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Selby is a market town and civil parish located in North Yorkshire, England. It is situated approximately 12 miles south of York along the course of the River Ouse. The town’s origins date back to the establishment of a Viking settlement on the banks of the River Ouse in Ad 779. Historically, Selby has a large shipbuilding industry and was an important port due to the Selby canal which brought in trade from Leeds, and much of the town’s wealth was facilitated due to its position.
Selby has a selection of shops, pubs, restaurants and a weekly market. There are a wide range of amenities nearby including three major supermarkets, the Abbey Walk Retail Park and the Market Cross Shopping Centre, as well as the railway station and famous Selby Abbey.
Selby Abbey is an Anglican parish church often referred to as ‘The Hidden Gem of Yorkshire’. It boasts iconic architecture, sacred space and a vibrant worshiping community. The Abbey was founded by Benedict of Auxerre in 1069 and built by the de Lacy family. Benedict saw three swans on a lake which he believed represented the Father, the Son and the Holy Ghost, and is said to have seen this as a sign to build the Abbey. The official crest of Selby Abbey is three swans to symbolize this. King Henry I is reputed to have been born at the Abbey in either 1068 or 1069.
A key feature of the Abbey is the 14th century Washington Window, featuring the heraldic arms of the ancestors of George Washington. This notable design is often cited as an influence for the Stars and Stripes flag.
In the heart of the town is the open-air market, established in the 14th Century by the Monks of the Abbey; it consists of over 120 stalls offering a wide variety of goods. The town market is held every Monday and is split over 2 sites in the town centre, Selby Farmers Market is held on the 1st Wednesday of every month. The extended Bank Holiday market is arguably the most popular in the North.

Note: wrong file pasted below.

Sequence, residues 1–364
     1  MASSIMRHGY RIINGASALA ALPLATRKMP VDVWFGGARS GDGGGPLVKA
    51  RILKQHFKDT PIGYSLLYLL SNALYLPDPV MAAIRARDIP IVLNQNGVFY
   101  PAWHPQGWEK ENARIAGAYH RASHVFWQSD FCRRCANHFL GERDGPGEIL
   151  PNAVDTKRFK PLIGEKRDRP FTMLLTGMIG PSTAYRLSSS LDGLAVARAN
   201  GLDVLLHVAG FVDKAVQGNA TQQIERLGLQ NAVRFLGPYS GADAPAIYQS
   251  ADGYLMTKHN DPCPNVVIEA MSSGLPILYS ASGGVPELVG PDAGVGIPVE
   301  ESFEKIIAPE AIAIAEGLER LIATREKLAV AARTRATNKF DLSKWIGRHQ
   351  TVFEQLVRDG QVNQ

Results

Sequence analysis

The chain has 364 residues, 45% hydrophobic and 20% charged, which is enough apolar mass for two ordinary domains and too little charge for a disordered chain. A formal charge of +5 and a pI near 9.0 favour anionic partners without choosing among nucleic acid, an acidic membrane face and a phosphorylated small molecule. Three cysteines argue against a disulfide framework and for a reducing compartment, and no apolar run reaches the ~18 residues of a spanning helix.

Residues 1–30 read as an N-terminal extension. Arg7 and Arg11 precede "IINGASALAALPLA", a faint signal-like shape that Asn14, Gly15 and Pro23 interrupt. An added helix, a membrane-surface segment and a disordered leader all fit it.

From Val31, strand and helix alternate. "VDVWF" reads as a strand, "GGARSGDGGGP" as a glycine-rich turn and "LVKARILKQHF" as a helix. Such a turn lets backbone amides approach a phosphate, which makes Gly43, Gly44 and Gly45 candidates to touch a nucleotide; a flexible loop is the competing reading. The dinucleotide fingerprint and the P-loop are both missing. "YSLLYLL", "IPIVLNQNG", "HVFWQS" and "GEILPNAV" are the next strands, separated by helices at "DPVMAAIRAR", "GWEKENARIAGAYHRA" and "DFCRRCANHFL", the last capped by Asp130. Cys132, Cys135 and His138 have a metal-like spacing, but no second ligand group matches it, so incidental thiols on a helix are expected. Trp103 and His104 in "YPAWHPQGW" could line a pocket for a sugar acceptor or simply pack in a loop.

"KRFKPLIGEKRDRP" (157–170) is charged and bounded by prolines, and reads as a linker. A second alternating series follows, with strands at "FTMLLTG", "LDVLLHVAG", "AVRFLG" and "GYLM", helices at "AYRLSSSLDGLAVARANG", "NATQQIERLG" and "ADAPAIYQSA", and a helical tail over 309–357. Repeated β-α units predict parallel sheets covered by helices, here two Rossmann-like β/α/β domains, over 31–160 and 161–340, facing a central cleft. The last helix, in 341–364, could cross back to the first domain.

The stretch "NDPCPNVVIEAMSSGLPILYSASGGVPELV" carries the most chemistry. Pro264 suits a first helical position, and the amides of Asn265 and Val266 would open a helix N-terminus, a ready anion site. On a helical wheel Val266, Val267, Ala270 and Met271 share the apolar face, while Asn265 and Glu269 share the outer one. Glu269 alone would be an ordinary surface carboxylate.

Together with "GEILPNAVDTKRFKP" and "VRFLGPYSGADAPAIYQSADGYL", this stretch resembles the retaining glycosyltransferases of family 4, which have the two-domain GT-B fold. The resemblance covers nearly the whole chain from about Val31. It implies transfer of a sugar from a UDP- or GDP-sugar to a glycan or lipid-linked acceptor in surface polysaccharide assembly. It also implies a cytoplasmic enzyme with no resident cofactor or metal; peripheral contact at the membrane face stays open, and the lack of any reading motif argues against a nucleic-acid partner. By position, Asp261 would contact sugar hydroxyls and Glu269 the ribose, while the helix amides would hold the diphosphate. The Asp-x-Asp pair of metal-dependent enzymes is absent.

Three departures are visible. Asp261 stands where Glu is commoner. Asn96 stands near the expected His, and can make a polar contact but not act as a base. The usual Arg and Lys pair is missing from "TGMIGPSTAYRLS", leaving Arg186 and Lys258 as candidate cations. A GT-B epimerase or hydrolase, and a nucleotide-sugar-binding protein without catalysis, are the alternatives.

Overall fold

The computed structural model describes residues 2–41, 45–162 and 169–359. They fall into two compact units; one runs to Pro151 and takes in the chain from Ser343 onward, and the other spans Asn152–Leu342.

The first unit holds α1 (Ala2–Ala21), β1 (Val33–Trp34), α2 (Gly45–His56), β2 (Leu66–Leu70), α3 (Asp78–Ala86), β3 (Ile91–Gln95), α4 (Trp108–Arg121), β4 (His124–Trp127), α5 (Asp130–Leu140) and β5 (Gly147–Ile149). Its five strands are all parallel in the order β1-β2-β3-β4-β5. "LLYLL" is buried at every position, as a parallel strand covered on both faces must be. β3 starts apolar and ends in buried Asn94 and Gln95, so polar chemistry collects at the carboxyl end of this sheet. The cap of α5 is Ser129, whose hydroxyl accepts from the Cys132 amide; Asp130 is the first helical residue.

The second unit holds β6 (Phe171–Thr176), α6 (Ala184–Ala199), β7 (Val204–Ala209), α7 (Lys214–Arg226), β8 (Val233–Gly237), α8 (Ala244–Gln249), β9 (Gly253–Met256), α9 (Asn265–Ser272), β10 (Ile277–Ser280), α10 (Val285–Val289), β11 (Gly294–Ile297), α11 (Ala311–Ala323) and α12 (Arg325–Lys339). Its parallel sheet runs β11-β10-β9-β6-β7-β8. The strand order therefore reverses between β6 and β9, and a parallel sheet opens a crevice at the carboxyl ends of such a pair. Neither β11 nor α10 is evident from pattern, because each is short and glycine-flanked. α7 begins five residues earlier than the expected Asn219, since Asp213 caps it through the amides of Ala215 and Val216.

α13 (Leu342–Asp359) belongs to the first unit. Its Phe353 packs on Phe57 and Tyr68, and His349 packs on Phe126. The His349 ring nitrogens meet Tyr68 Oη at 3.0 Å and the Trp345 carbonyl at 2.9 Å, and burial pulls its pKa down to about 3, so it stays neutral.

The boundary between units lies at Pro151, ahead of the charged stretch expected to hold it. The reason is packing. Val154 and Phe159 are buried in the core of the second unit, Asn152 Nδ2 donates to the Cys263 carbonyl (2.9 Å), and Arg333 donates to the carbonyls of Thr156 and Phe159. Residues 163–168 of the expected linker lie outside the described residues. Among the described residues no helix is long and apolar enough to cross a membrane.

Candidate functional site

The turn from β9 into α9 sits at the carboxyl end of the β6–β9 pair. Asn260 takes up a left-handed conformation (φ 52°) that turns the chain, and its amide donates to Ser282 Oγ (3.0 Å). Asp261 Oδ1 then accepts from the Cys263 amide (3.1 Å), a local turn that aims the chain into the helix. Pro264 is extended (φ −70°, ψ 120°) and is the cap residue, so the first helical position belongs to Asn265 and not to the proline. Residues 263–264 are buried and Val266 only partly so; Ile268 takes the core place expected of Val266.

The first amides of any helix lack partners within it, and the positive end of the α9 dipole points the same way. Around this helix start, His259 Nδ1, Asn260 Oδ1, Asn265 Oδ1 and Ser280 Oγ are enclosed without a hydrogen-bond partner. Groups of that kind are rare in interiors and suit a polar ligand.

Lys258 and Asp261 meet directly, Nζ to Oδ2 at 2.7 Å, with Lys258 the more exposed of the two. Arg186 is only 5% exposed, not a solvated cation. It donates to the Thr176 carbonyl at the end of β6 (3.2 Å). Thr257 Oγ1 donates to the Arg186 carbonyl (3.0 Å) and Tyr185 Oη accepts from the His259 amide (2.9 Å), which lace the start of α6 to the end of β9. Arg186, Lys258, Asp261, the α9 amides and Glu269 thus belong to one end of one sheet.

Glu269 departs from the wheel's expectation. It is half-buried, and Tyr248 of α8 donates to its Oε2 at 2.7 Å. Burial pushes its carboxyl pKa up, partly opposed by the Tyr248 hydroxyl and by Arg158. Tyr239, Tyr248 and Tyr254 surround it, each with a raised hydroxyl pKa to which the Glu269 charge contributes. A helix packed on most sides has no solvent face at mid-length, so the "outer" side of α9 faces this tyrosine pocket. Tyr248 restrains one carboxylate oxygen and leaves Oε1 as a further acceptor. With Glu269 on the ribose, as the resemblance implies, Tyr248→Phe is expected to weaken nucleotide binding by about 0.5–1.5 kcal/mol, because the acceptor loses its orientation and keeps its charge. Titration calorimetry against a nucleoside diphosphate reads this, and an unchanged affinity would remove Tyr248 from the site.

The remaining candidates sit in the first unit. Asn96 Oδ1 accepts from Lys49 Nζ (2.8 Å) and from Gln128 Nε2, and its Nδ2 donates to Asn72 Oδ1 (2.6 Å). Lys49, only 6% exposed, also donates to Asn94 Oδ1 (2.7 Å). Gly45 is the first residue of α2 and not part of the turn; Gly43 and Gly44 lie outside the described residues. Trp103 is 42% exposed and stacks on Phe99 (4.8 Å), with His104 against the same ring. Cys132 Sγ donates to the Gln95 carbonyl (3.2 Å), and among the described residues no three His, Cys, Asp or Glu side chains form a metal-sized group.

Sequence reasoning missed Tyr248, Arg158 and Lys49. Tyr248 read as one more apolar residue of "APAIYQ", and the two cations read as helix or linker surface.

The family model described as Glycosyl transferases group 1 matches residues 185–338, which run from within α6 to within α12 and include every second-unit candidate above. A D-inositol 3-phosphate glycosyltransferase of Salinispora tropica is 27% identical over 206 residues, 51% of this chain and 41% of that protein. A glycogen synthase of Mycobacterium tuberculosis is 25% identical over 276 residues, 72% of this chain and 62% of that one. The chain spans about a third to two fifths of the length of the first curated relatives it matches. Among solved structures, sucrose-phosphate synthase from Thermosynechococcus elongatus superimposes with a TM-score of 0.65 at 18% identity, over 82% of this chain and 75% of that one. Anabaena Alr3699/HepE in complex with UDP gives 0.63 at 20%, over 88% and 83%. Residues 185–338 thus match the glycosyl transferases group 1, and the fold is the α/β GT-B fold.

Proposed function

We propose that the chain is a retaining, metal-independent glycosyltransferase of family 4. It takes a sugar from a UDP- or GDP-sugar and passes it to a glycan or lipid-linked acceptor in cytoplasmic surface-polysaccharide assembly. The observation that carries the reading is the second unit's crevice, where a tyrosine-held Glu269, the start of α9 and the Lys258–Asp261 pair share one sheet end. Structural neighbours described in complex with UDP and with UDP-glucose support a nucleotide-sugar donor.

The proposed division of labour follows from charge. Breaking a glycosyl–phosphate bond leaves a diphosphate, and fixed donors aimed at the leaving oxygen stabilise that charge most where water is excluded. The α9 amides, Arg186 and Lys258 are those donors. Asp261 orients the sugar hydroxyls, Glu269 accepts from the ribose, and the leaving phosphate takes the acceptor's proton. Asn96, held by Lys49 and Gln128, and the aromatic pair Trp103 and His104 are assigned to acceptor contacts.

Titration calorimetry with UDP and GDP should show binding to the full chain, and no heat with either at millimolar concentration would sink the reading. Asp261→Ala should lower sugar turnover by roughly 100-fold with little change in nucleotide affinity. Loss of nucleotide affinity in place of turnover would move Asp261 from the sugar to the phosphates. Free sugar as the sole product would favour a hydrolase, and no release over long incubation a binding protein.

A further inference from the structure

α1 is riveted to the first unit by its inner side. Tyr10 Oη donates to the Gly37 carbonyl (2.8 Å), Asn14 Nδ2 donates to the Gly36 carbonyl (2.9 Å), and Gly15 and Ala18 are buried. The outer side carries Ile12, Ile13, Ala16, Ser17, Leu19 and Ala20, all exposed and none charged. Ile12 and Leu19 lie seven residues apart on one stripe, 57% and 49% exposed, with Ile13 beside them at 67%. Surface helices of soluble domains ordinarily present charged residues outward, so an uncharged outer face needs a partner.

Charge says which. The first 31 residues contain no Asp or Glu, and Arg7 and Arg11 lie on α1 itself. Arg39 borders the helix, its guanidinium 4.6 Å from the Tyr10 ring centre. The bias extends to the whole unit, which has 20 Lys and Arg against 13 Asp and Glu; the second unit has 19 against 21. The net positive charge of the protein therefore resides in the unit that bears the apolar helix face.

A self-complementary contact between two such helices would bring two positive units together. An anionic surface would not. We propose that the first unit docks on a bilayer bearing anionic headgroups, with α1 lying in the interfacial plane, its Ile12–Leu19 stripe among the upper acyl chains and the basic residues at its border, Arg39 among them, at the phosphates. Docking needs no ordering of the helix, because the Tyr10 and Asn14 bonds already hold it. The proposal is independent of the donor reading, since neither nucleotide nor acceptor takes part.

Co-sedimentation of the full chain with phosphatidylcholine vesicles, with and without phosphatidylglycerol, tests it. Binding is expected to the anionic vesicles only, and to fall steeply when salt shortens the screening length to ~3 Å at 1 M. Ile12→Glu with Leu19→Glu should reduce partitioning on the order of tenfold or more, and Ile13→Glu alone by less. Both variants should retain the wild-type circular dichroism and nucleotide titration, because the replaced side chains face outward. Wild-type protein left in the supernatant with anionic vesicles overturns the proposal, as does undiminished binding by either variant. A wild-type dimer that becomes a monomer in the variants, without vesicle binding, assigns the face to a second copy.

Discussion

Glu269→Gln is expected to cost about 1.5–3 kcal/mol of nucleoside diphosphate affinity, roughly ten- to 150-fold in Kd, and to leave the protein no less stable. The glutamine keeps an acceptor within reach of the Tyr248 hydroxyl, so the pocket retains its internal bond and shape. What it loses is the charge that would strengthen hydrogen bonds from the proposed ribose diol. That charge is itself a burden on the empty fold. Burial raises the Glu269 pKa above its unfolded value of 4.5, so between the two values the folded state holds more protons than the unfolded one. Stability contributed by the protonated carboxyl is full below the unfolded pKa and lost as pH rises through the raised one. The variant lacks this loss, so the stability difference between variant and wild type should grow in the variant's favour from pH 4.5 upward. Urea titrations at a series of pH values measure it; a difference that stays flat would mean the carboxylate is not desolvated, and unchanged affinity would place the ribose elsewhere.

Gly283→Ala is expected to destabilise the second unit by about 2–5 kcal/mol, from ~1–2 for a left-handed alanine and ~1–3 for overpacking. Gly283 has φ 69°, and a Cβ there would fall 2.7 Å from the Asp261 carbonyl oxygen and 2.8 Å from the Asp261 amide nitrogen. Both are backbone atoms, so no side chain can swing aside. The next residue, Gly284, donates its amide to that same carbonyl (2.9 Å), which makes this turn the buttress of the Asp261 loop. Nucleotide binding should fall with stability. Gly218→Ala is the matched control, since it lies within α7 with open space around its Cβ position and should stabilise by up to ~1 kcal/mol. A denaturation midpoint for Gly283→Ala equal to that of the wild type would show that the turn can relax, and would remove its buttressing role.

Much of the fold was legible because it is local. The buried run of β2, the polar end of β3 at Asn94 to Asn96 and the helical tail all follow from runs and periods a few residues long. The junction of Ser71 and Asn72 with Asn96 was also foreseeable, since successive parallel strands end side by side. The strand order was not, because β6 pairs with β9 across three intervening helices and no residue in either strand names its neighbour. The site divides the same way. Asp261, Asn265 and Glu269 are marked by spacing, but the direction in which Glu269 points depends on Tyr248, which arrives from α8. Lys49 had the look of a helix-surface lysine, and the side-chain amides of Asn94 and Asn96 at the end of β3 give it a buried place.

Barlow Common Nature Reserve has abundant flora and fauna which can be enjoyed all year round. It has been declared a Local Nature Reserve by Selby District Council in consultations with English Nature. This important status recognises its special interest and the conservation of wildlife and habitats to safeguard their future.
For centuries, Barlow Common was used by local parishioners for turning out cattle, pigs and sheep to graze; for firewood and for sand and gravel. The land value fell to almost nothing during the agricultural depression and it was acquired by the local railway company in 1908. It was used intermittently as a ballast tip for over 50 years. In 1983, tipping ceased and British Rail took the initiative to reclaim the land by covering the former tip with earth. Selby District Council acquired the site in 1986 to create a nature reserve.
Selby Horseshoe walk involves a nine mile route starting at Selby Abbey. The route includes the Selby Canal towpath, Brayton Barff, field paths and the Selby Dam. It is particularly lovely to do this walk in the spring time when a variety of wildflowers and birds can be seen.
The park is conveniently situated in the centre of Selby and is open throughout the year, whilst the pavilion is open from April to October. The five acres of gardens include a variety of decorative planting, a play area, a bowls green and mini golf, plus a picnic area with tables and seating.
Selby has excellent commuter links to the A19, M62, M1, M18 and A1041 along with regular rail services including 7 direct trains per day to London and Doncaster, providing Selby with first-rate connectivity to the South of the UK. The new by-pass offers easy access to York, Leeds and Castleford.